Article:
According to the Illinois State Board of Education, and Illinois School Code,
The fourth Friday of September is designated "American Indian Day," to be observed throughout the State as a day on which to hold appropriate exercises in commemoration of the American Indians. (105 ILCS 5/27 20) (from Ch. 122, par. 27 20) Sec. 27 20. American Indian day. http://www.isbe.net/ils/social_science/mandates_2.htm
|Wives Honoring Husbands, circa 1880|
- We Shall Remain, from PBS
- PBS also has a Circle of Stories web site devoted to the art of Native American Storytelling. Here visitors can read along as they listen to stories told by Native Americans from various tribal groups.
- The United Nations' International Day of The World's Indigenous Peoples was held August 9, and the site has lots of valuable resources
- Larry Ferlazzo's Best Folklore & Myths blog post contains links to Native American folklore sites
- The National Museum of the American Indian contains a wealth of information.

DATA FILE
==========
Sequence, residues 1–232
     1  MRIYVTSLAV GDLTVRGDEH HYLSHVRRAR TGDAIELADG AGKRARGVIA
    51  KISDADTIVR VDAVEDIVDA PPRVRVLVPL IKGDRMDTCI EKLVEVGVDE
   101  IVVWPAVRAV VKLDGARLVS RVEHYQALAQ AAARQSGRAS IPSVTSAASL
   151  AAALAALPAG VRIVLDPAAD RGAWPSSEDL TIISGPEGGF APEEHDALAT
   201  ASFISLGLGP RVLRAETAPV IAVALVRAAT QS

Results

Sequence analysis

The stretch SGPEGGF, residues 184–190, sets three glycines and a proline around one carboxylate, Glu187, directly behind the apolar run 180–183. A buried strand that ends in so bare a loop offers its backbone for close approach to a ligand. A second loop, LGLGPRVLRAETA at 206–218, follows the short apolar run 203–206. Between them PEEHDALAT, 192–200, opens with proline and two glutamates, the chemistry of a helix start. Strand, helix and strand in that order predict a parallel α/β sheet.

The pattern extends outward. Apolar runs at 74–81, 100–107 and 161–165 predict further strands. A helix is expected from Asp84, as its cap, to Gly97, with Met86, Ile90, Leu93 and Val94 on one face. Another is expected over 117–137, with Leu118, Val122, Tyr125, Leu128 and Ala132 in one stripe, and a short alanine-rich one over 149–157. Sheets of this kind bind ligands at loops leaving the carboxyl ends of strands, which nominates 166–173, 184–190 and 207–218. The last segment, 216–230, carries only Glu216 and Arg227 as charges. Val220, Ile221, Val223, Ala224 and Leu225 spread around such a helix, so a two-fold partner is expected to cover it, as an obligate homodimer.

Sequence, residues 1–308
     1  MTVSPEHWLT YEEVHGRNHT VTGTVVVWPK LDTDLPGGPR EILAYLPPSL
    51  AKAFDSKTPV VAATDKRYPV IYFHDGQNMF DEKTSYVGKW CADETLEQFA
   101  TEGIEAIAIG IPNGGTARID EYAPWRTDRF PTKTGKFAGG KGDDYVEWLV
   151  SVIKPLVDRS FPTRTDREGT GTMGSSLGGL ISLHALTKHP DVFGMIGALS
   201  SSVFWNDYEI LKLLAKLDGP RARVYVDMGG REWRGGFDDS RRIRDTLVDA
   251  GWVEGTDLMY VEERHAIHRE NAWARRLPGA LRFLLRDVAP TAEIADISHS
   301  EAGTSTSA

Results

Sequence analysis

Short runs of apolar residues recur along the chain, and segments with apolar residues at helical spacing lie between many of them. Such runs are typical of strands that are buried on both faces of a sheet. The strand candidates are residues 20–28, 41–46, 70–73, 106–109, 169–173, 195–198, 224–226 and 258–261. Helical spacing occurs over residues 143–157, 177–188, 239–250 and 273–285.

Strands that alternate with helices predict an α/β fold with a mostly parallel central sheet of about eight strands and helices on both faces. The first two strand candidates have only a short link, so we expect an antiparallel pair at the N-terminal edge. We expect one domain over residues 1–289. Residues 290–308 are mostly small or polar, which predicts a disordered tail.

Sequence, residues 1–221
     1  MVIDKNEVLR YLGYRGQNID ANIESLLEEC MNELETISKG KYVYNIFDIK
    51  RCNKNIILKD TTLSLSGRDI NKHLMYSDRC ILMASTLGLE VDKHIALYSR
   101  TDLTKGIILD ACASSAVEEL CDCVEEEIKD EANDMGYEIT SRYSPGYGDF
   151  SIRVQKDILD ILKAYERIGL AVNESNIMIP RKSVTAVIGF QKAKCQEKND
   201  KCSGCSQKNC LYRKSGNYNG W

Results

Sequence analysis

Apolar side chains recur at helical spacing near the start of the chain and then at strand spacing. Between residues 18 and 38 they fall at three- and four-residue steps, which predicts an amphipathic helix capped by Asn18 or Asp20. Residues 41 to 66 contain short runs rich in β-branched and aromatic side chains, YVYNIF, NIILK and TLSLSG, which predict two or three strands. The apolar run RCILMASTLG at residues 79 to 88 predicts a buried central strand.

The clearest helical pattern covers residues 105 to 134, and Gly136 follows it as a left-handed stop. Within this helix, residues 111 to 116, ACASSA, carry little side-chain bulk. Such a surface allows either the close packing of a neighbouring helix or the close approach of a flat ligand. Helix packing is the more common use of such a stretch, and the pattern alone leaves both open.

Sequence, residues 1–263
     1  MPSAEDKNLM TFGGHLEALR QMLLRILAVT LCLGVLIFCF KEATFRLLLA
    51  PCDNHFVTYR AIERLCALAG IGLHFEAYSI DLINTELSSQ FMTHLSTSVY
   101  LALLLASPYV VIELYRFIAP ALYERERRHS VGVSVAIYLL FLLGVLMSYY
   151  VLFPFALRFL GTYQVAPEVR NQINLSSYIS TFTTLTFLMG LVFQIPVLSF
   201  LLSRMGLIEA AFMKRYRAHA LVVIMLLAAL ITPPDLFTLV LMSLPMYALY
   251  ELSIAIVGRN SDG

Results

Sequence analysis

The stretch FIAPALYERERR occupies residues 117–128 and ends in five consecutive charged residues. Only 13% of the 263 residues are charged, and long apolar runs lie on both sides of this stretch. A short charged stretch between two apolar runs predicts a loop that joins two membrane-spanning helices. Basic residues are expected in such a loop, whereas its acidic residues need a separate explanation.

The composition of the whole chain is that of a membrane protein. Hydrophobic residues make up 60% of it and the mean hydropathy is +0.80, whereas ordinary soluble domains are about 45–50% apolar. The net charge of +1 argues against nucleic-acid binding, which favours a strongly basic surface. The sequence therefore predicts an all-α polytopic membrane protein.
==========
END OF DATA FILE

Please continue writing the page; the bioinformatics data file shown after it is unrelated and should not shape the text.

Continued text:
- They have a special list of sites for Language Arts teachers to help with writing and poetry skills.
- They also have a site devoted to the American Indians' Responses to Environmental Challenges.
- Code Talkers is a great site celebrating one of the many renowned contributions of Native Americans during World War II.
- Locally, Dickson Mounds Museum near Havana & Lewistown, Illinois, have great resources for classrooms. They also host incredible field trip opportunities for well-behaved classrooms. (They've had some difficult ones in the past but are still quite willing to host small groups with very close supervision.)
- Black Hawk State Historic Site near Rock Island, Illinois, is still holding its own despite recent government funding cuts. Their museum & nature center are not to be missed!